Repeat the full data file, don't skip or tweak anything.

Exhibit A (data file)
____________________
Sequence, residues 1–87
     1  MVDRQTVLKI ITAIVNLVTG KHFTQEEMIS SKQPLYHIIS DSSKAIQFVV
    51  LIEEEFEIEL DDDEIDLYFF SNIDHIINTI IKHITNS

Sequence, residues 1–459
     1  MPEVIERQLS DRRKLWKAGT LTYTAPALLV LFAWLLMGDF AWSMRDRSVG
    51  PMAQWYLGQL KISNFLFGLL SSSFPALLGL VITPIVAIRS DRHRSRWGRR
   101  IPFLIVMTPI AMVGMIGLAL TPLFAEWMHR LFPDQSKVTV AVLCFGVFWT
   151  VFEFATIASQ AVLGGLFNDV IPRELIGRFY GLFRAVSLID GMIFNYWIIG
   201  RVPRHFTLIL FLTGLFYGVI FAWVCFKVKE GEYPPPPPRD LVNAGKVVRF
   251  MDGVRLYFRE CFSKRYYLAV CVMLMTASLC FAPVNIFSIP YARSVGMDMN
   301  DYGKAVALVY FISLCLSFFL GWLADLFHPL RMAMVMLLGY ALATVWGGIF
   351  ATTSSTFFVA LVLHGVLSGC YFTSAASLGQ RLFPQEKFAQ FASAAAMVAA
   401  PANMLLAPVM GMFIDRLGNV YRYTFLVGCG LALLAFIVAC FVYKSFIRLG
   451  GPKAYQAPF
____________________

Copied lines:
Sequence, residues 1–87
     1  MVDRQTVLKI ITAIVNLVTG KHFTQEEMIS SKQPLYHIIS DSSKAIQFVV
    51  LIEEEFEIEL DDDEIDLYFF SNIDHIINTI IKHITNS

Sequence, residues 1–459
     1  MPEVIERQLS DRRKLWKAGT LTYTAPALLV LFAWLLMGDF AWSMRDRSVG
    51  PMAQWYLGQL KISNFLFGLL SSSFPALLGL VITPIVAIRS DRHRSRWGRR
   101  IPFLIVMTPI AMVGMIGLAL TPLFAEWMHR LFPDQSKVTV AVLCFGVFWT
   151  VFEFATIASQ AVLGGLFNDV IPRELIGRFY GLFRAVSLID GMIFNYWIIG
   201  RVPRHFTLIL FLTGLFYGVI FAWVCFKVKE GEYPPPPPRD LVNAGKVVRF
   251  MDGVRLYFRE CFSKRYYLAV CVMLMTASLC FAPVNIFSIP YARSVGMDMN
   301  DYGKAVALVY FISLCLSFFL GWLADLFHPL RMAMVMLLGY ALATVWGGIF
   351  ATTSSTFFVA LVLHGVLSGC YFTSAASLGQ RLFPQEKFAQ FASAAAMVAA
   401  PANMLLAPVM GMFIDRLGNV YRYTFLVGCG LALLAFIVAC FVYKSFIRLG
   451  GPKAYQAPF